The highlight of Easter is the long lunch on Sunday, when a lamb is slow-cooked, often for at least six hours. It's then served with salads, bread and a range of accompaniments, and the family lunch is a long, leisurely affair, usually starting at around 2pm. If you find yourself in Greece for Easter, many hotels offer Easter lunches for their guests.
If you want to experience a Greek Easter yourself, head to Greece in early Spring. For a rustic, traditional experience, head to the Greek Islands. Corfu and Crete are both popular choices for Easter, with a number of local festivals and hotels which will make the experience special for guests.
In mainland Greece, consider staying in Athens for Easter. While it's a bit more impersonal than the islands, there's are a few Easter activities to add to your Athens itinerary. Head to the church for the 11pm mass on Holy Saturday and enjoy the fireworks afterwards. Just be aware that may people head away for Easter weekend, so the city will be quieter than usual - which may actually enhance your trip to Athens.
If you're after a bit more vibrancy, consider heading south to Kalyvia Thorikou, a town south of Athens. The local tavernas will be full of people and you can try lamb roasted on the spit. Or, if you'd prefer a coastal location on the mainland, consider Nafplio in the Peloponnese or the Halkidiki Peninsula in Northern Greece, a favourite holiday destination for locals.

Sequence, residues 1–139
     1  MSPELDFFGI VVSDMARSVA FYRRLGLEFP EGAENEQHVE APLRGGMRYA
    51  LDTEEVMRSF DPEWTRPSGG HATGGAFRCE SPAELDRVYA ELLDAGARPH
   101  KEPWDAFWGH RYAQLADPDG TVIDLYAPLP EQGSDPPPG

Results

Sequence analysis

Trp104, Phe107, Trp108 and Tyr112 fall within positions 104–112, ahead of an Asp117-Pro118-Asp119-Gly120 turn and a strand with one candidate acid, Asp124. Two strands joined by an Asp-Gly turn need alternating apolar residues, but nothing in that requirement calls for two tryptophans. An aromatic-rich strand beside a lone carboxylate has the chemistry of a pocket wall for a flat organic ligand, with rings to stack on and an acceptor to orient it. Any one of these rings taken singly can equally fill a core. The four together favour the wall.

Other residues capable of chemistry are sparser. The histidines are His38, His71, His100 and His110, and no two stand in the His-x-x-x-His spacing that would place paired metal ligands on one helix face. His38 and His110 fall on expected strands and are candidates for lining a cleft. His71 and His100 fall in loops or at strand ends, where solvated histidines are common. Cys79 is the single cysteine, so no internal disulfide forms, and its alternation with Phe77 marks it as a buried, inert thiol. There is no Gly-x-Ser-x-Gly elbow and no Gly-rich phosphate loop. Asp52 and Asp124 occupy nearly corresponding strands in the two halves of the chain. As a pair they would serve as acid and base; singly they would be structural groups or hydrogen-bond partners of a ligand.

Be sure to choose a hotel which offers guests some elements of Greek Easter, such as serving Mayiritsa on Holy Saturday or holding a traditional Greek Easter lunch on the Sunday. Some hotels will also provide transfers to local church services on Holy Saturday. Below are some hotels which offer Easter meals, activities or entertainment:
St George Lycabettus Hotel in Athens - good location in central Athens, Ideal for those visiting St George church for the Easter service above Mt Lycabettus. Serves a late dinner on Holy Saturday and a buffet lunch on Easter Sunday.
Divani Apollon Palace & Thalasso in Athens- situated on the coast, with Easter feasts, activities and entertainment. Be aware it's a reasonable distance from the city centre and main attractions.
Elounda Palm Hotel in Crete - experience Crete's festivals and traditions in the week leading up to Easter.
Lango Design Hotel & Spa in Kos - great adults only option. See the fireworks in Kos and enjoy the local Easter specialty - lamb stuffed with rice and giblets.
Pomegranate Wellness Spa in Halkidiki Peninsula - offers midnight dinner on Holy Saturday, transfers to the church service and a traditional lunch on Easter Sunday (including a lamb on the spit).
Secret Paradise Hotel and Spa in Halkidiki - provides candles and red eggs, traditional Greek Easter feast on Sunday.
Wherever you choose to spend Easter in Greece, you'll enjoy the food and ambiance you'll find. It's a time of year when the old traditions are dusted off and it's easy to imagine how the villages and towns must have celebrated Spring hundreds, even thousands, of years ago.